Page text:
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The Warm Weather Guide to Healthier Eating

  |  in General, Healthy Recipes, Nutrition TipsNo Comments

Looking for new, inventive ways to improve your eating habits? Warm weather can help you create better nutritional habits. From longer days to seasonal produce, the next few months are a great time to make your diet reach new heights.

Breakfast
Even though it’s typically the smallest meal of the day, breakfast is the most important one because it sets the tone for the entire day. What you eat, or do not eat, will determine how much you eat for lunch, dinner and snacks. If you skip breakfast, you become more likely to binge at lunch and load up on unneeded calories. So how can the pleasant weather help with eating breakfast?

Set up a system with Mother Nature’s virtues as the backbone. Now that the sun is out and the temperature is nice when you wake up, eat breakfast outside every morning. Pick a place – your porch, deck or favorite chair – and take 10 to 15 minutes to eat and enjoy. No need for eggs, bacon and all the fixins; cereal with skim milk, a whole-wheat bagel with low-fat cream cheese or a fruit smoothie is all you need to start the day right.

Lunch
This is a trouble meal for two reasons: 1. If you eat at a restaurant, it’s hard to control portion sizes, 2. It’s usually followed by sitting at a desk for the next several hours. This equates to consuming a lot of calories without burning any in return. A few more problems with a typical lunch out:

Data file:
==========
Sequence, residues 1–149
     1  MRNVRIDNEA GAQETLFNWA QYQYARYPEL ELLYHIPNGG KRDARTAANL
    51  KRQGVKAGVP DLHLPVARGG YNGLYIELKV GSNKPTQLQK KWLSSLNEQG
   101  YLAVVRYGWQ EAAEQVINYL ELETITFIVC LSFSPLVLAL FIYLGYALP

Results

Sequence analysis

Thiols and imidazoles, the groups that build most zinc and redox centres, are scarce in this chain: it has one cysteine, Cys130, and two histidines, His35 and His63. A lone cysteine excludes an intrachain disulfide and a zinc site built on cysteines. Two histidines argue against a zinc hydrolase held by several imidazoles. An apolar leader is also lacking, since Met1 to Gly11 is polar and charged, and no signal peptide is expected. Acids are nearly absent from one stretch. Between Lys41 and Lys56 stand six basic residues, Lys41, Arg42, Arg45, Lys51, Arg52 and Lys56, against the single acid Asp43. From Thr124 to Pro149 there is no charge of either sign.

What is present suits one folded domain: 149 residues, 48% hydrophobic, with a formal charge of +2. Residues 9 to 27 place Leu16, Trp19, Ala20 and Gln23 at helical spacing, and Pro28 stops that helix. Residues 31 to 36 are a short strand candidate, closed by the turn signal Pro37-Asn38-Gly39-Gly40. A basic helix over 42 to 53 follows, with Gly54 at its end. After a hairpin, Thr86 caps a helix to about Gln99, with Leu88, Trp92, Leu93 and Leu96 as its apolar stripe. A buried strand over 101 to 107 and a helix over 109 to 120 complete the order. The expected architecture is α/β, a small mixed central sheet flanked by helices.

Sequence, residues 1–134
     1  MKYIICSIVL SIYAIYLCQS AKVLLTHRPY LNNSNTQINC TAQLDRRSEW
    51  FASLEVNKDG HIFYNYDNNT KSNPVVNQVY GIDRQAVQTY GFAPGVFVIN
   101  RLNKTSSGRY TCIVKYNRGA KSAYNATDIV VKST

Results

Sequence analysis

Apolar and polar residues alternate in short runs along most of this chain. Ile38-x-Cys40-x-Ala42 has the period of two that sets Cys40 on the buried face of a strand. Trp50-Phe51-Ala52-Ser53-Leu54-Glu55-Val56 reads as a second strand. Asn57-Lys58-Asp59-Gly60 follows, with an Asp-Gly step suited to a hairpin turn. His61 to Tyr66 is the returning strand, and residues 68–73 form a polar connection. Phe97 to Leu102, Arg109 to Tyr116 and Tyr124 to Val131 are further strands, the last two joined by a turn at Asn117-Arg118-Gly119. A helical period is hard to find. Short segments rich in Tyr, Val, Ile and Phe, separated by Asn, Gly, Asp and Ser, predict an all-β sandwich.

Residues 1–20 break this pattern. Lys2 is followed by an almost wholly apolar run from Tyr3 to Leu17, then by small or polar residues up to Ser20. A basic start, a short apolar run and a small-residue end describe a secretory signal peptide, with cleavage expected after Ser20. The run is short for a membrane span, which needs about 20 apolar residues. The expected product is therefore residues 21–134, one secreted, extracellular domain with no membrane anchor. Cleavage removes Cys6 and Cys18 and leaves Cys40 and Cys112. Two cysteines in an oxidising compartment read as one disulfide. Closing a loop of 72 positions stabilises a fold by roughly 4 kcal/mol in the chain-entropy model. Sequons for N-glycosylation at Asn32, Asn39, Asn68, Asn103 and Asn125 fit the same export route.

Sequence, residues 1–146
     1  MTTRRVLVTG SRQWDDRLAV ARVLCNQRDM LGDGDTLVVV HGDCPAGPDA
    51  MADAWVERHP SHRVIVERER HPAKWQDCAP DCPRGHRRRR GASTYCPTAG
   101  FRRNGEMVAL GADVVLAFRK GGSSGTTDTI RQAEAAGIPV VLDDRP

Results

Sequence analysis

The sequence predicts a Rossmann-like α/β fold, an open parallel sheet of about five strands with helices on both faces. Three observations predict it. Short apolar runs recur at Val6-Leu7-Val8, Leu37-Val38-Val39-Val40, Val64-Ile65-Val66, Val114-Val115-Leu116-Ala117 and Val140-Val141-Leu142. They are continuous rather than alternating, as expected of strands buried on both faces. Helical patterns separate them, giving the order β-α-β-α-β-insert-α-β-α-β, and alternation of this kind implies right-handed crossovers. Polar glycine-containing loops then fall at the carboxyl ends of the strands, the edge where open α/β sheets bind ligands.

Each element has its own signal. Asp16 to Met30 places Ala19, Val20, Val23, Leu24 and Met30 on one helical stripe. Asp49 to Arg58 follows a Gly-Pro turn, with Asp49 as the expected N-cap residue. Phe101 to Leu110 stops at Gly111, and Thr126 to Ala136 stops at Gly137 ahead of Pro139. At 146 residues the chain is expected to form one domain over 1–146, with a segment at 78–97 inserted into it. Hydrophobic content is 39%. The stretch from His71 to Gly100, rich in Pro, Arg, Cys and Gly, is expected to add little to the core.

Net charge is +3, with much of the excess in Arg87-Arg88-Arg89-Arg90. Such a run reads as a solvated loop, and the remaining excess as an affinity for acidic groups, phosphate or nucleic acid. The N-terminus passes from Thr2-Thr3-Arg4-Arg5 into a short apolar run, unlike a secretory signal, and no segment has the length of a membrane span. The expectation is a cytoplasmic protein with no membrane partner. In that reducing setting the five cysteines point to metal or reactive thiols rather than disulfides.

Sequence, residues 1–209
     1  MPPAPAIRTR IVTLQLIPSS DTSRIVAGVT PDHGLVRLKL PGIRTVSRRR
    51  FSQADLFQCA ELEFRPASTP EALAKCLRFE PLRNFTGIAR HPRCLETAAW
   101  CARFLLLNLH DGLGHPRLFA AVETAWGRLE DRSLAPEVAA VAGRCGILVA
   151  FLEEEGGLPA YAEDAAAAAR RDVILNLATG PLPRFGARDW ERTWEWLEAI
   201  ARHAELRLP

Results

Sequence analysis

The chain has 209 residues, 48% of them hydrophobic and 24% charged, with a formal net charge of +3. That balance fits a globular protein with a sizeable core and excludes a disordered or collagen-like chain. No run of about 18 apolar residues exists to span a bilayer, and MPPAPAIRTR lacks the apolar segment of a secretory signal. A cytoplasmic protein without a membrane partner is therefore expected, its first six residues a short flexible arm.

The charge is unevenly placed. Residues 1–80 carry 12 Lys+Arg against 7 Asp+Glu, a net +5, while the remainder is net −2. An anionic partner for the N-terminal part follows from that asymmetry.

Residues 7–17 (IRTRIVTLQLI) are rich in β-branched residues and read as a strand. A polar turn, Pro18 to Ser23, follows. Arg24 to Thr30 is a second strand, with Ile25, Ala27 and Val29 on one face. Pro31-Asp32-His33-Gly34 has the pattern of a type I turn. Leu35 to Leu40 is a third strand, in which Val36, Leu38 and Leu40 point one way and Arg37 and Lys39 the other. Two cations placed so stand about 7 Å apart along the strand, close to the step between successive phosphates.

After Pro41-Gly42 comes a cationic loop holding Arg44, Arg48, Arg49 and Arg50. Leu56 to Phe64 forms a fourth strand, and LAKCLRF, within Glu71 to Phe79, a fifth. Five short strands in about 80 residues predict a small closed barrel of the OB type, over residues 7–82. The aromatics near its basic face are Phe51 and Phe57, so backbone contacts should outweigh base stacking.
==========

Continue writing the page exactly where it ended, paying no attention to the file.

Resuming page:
• Lack of whole grains (mostly white bread, white pasta and white rice)
  • Few fruits and vegetables
  • Danger foods (French fries, fattening condiments)

The solution? Pack your lunch. You can control the portions, add fruits and veggies, make sure all of your carbohydrates are complex and avoid unhealthy snacks and sweets. Now about burning some of those calories, again take advantage of the warmer weather and eat away from the office. If you choose a spot that’s a 10-minute walk away, you’ll burn 120 calories just by walking there and back.

Still unsure? Do you usually eat lunch with work buddies? Bring them along! Make a lunch team where everyone packs their lunches and heads out of the office to eat. Better yet, each person on the team could make a healthy, big batch of food once a week for the rest of team, so every day is a different, healthy lunch. Everyone wins.

Dinner
Keep taking advantage of the longer days and fire up that grill. Grilling out has all of the good foods that come with hitting up the drive-thru; they’re just healthier versions. You can have a burger if you’d like, or go with healthier foods such as chicken or fish. You eliminate a lot of the grease that comes with frying. But who said to stop with meat? Add some veggies to the mix. Throw on a few ears of corn, or cut up and skewer some peppers, onions and tomatoes. Cooking on the grill will take up the same time as the drive-thru, and it’s cheaper, too.

Other tips:
From the flowers blooming in your garden to the vegetables for sale at the farmers market, bright colors abound during summer. Spread that variety to your diet with a healthy dose of different-colored fruits and vegetables. The food will taste great, and the presentation will be more lively.

  • Orange – oranges, peppers, carrots, peaches
  • Yellow – apples, peppers, bananas, corn
  • Red – apples, peppers, tomatoes, strawberries
  • Purple – blueberries, grapes
  • Green – peppers, kiwi, broccoli, peas, leafy greens
  • White – cauliflower, water chestnuts

Eliminating soda has enormous benefits to your diet. Replacing it with water would be preferable, but if you really crave that sweet taste in your drink, go for the spring and summertime favorite, unsweetened iced tea. It will quench your thirst on a hot day for fewer calories and less caffeine than soda. Or, give water a shot, but slice up a cucumber, lemon, lime or orange and drop the pieces in a pitcher to add some refreshing flavor.